Mary says that she had always associated respite with nursing homes and was very apprehensive but as they were introduced very gradually they eventually came around to the idea and went up to see the unit....The first time they went up Michael was terrified at the thought of being left on his own but because she was able to go with him and stay with him it made the decision easier and they decided to give it a go. On their second visit Michael loved it, he had ‘great craic’ with the other boys and the staff and Mary enjoyed the break too and they couldn’t wait until their next stay came around.
Michael is Mary’s first born child and she was looking forward to his birth. All scans were perfect and she had a trouble free pregnancy. As Michael was breach position a caesarean section was booked, but otherwise all was well and on 07.02.94 Michael was born and ‘everything was fine’.
At about 7 weeks of age however, Mary took Michael to the G.P. as she was worried because he had a temperature. However the G.P. ‘wasn’t happy with him’ and said his neck was ‘too floppy.’ He was immediately admitted to the local hospital for monitoring and further assessment and they then transferred him to the regional specialist children’s hospital for muscle biopsies as they too agreed that he was ‘too floppy’. It was shortly after this that Mary got the ‘heart-breaking’ news that Michael had Congenital Muscular Dystrophy.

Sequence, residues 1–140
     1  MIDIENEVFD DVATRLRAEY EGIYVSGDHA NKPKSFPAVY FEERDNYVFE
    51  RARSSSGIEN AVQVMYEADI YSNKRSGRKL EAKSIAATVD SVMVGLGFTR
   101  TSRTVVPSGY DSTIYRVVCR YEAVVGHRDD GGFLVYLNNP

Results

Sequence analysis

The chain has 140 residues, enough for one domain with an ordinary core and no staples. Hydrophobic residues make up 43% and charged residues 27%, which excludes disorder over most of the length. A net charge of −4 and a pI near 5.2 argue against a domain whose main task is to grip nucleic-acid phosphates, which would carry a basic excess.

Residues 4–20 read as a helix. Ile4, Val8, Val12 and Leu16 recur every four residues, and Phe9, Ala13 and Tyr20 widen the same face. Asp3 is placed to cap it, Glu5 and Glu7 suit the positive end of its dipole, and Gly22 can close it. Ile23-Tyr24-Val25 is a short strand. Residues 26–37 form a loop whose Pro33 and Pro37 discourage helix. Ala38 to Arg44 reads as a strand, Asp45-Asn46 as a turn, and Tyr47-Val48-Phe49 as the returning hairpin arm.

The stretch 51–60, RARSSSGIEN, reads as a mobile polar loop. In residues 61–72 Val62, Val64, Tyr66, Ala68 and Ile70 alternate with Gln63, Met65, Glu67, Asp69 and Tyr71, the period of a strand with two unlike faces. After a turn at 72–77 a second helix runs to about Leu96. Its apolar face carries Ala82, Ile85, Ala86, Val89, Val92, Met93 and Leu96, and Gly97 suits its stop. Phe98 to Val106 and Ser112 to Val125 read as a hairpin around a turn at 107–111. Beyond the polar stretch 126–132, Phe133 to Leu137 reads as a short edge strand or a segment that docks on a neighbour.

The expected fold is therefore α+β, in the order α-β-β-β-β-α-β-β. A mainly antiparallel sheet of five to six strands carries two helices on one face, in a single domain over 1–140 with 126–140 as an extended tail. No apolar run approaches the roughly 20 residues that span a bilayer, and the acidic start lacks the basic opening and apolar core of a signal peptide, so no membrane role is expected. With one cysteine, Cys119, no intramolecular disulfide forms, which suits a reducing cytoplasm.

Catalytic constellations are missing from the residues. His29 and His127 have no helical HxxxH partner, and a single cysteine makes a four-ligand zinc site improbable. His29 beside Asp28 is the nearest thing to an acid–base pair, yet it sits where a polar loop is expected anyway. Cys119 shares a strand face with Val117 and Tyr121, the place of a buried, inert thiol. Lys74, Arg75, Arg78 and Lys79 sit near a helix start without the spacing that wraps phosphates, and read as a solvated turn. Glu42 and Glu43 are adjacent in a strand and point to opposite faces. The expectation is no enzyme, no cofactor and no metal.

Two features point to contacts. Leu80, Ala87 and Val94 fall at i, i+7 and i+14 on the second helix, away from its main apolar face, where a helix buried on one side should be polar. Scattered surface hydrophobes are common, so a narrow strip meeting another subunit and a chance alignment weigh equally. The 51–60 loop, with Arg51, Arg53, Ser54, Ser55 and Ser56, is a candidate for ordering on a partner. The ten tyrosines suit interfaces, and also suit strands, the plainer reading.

Mary describes how when she was told this news she "couldn’t understand the words, couldn’t believe that it was true and just couldn’t believe that he would never walk". I kept saying ‘but how do you know he’s only 8 weeks, I just wouldn’t believe them and it took me 7 years to believe that he wouldn’t stand on his own two feet’.
During this time Mary got practical support from her mother and sister but emotionally she says, "I just coped by myself and had to get on with it". The health visitor and physios were calling "but they were no good at supporting".
Michael had a lot of physio exercises. Mary said that, "it started off slowly, like once a week for half an hour but I got it into my head that the more exercises I did the better it would be for him. I thought the more you do it’ll help him to get on his feet, so everything they told me to do I did and more" and Mary put a lot of pressure on herself to do the best for her son and she believes this worked. "It was only when the muscles in his legs got too tight for him to use his standing frame that I accepted that he wouldn’t walk but it took me 7 years to believe this and I kept on going with his stretches."